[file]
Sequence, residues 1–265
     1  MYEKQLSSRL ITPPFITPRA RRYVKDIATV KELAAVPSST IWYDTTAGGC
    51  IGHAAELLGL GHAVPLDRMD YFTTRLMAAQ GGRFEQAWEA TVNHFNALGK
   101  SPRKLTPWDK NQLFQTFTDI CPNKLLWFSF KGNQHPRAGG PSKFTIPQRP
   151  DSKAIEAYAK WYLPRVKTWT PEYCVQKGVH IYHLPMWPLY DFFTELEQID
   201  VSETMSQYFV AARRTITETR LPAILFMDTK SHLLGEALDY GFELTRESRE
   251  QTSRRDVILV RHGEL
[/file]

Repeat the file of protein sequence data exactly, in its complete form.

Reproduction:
Sequence, residues 1–265
     1  MYEKQLSSRL ITPPFITPRA RRYVKDIATV KELAAVPSST IWYDTTAGGC
    51  IGHAAELLGL GHAVPLDRMD YFTTRLMAAQ GGRFEQAWEA TVNHFNALGK
   101  SPRKLTPWDK NQLFQTFTDI CPNKLLWFSF KGNQHPRAGG PSKFTIPQRP
   151  DSKAIEAYAK WYLPRVKTWT PEYCVQKGVH IYHLPMWPLY DFFTELEQID
   201  VSETMSQYFV AARRTITETR LPAILFMDTK SHLLGEALDY GFELTRESRE
   251  QTSRRDVILV RHGEL